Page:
Opening just as the expected but still shocking news broke that the Republican appointees to the Supreme Court are ready to begin clawing back women’s rights within a few weeks, Happening could not be more timely or galvanizing. As Mark Olsen wrote recently in the L.A. Times, “Happening is set in 1963 and yet it suddenly feels like a possible window into the future. Directed by Audrey Diwan, who co-wrote the adaptation of Annie Ernaux’s autobiographical novel of the same name, the film follows a young French college student Anne (Anamaria Vartolomei) as she attempts to get an abortion after discovering she is pregnant. Though abortion became legal in France in 1975, in 1963 it very much was not, with potential prison time for the woman, whoever performed the procedure and anyone who helped. Isolated from her friends and family, Anne becomes increasingly driven as the weeks pass by to find a solution to her problem — anything that will allow her to continue on with her life as she planned and fulfill her goal to become a writer…In an emailed statement, Diwan responded to the recent news [from SCOTUS], writing, “The purpose of art is also to bring to light some hidden truths. We all know, time has proven it, that when abortion becomes illegal, women who feel the need for it find other solutions. And not safe ones. I think that those who want to intervene in the abortion debate, whether for or against, should at least know clearly what a clandestine abortion is. We cannot talk about what we don’t know. And I include myself here: before reading Happening, I participated in this conversation for a long time without knowing … I was wrong. We should all know, this must not stay silent.'”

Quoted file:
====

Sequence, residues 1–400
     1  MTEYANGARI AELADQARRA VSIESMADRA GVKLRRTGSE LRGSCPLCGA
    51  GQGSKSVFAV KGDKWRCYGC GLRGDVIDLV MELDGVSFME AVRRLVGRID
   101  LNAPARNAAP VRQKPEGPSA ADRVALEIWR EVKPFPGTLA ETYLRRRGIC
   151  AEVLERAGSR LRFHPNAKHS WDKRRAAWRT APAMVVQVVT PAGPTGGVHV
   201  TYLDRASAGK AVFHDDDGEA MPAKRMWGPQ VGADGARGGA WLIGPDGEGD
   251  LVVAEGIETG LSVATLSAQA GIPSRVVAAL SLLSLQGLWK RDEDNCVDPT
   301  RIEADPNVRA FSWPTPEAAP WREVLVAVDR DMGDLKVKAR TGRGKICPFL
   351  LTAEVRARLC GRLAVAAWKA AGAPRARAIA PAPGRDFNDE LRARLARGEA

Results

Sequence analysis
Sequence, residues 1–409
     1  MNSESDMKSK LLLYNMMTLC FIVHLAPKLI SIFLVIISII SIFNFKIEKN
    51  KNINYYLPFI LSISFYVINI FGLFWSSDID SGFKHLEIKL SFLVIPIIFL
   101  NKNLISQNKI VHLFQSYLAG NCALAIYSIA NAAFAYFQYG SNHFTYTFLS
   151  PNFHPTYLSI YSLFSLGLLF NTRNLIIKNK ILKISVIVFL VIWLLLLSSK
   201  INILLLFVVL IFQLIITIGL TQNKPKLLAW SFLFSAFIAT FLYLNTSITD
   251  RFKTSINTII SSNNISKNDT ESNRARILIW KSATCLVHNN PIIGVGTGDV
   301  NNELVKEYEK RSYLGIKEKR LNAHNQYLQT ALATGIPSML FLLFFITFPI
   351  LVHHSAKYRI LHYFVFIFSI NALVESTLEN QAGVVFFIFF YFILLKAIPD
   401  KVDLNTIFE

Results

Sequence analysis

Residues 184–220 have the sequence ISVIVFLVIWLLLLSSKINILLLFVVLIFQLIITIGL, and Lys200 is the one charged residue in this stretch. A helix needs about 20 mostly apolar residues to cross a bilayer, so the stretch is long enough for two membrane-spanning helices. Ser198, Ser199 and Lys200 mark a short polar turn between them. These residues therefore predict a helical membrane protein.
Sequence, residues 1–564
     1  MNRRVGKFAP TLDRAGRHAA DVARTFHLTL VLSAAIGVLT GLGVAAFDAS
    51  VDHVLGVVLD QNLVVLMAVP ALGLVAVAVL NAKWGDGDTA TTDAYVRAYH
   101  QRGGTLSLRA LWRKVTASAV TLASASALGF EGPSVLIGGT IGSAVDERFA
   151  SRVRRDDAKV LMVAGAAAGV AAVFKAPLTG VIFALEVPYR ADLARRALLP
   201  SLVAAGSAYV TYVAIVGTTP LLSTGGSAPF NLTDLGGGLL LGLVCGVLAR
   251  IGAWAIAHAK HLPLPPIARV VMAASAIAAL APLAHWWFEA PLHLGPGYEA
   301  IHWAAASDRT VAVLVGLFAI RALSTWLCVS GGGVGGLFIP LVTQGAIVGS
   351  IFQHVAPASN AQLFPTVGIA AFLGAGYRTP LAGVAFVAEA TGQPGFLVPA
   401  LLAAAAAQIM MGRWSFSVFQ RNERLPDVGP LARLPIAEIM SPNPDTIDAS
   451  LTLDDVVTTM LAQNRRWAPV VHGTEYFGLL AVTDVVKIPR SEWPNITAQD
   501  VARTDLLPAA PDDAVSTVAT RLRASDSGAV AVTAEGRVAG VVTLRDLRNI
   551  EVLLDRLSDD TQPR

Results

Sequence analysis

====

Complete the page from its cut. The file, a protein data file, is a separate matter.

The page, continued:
Happening was a critical, commercial and cultural phenomenon in its native France, where it opened in the autumn. The New York Times recently published a piece headlined “In France, a Film Has Women Sharing Their Stories of Abortion: Following the release of Happening, about an illegal abortion in 1963, the country’s contemporary stigma around the procedure is facing scrutiny.” The lede: “Happening, Audrey Diwan’s film about a 1960s back-street abortion in France, isn’t for the fainthearted. In fact, audience members have fainted at several screenings, including at the Venice Film Festival last September, where it won the Golden Lion. ‘It’s often men who say the experience took them to the limit of what they could bear,” Diwan said in a recent interview, “because they had never imagined what it might be like.’…Happening, which aims for a sense of immediacy onscreen, has led artists and activists to speak up about the taboo they feel still surrounds the procedure. ‘There is this constructed social shame that women are meant to feel, Diwan said, ‘and the sense that if we talk about it, we take the risk of calling into question this right, which in the end is never assured.’ In response to Happening, last December, the French feminist magazine Causette devoted a cover story to testimonies from 13 celebrities, under the title: “Yes, I Had An Abortion.” The author Pauline Harmange, who rose to international prominence last year with her debut book “I Hate Men,” also published an essay in March about her own experience, “Avortée” (“Aborted”).”
Some of the abundant praise for Happening:
“Magnificently written, directed, shot and performed, it reminds you that cinema can be such a powerful medium of empathy.” – Zhuo-Ning Su, Awards Daily
“It’s hard to think of a film more necessary in the current moment.” – David Jenkins, Little White Lies
We open Happening at the Claremont, Newhall, Playhouse and Town Center this Friday, May 13 and at the Monica Film Center, Glendale and NoHo on May 20.